revised Police Bill (2008) was released to the public more than a year ago, but
was never acted upon in the assembly. The most recently revised proposal has
not been made available.

1 COMMENT

  1. Does anyone remember what happened the last time a “special police operations team” from abroad was hired? Only this time we talking a bunch of people with guns. An updated Police law would help and the legislation for the voice altering technology is a good idea but you must be able to assure witnesses that only a judge and the person or officer who they gave evidence to are the only people who know their identity, or people will still not want to talk. Hire within the staff now on the force and train them properly for the jobs you need them for. Then if necessary hire additional staff to fill the vacancies these officers leave. This will give jobs to Caymanians and fill the ranks with officers that know the islands and people. Oh and perhaps save the island any more scandals and a few dollars too.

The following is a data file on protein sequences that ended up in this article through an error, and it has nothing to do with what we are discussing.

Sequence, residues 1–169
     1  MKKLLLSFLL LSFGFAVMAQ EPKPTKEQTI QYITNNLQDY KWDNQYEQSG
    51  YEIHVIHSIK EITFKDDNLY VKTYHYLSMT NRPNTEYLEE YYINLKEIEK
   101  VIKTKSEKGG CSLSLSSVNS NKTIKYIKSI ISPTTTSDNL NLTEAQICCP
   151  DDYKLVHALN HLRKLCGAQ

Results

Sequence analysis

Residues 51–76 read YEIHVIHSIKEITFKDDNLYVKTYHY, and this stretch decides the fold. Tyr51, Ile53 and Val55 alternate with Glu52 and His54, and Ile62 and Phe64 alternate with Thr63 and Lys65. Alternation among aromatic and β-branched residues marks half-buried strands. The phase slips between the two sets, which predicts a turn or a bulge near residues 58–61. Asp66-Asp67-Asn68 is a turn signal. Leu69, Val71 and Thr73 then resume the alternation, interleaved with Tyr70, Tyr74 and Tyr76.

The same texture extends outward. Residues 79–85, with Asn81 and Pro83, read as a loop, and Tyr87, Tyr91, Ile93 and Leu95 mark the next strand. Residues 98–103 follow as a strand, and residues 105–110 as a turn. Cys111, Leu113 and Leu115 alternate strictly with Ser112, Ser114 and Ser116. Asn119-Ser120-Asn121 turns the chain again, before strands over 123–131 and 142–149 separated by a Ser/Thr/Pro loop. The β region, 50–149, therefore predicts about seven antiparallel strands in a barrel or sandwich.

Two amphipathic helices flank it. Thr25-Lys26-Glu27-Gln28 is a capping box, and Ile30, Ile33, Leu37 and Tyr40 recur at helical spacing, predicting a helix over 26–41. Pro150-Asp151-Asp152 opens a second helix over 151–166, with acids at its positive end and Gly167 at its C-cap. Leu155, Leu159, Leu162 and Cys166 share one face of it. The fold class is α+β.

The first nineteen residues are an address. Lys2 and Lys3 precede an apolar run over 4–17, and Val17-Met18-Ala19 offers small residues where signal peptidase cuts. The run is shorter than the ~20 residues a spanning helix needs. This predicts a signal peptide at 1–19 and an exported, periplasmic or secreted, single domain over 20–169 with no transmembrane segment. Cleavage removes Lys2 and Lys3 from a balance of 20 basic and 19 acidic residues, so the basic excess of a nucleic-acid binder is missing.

2. Lets do simple math. Grand Cayman population is roughly 50,000. Expats and their families-about 20,000.I am sure 99% of them are decent people. That leaves 30,000 locals, one half of them are women, and another half are children. That boils down to about 5000-7000 people. Majority of them are honorable law abiding citizens. How hard it is to figure out who are the criminals committing heinous crimes? Local police needs professionals who will find those criminals by using intelligence and modern technology not physical presence. And even a third grader will probably figure out that if crime happened in one place, that doesn’t mean it is going to happen in the same place again and that criminals are always 3 steps ahead of police actions. While road blocks are helpful in maintaining order and enforce traffic and other rules, especially on weekends and holidays, they are useless in nailing down criminals. This island needs intelligent help from outside.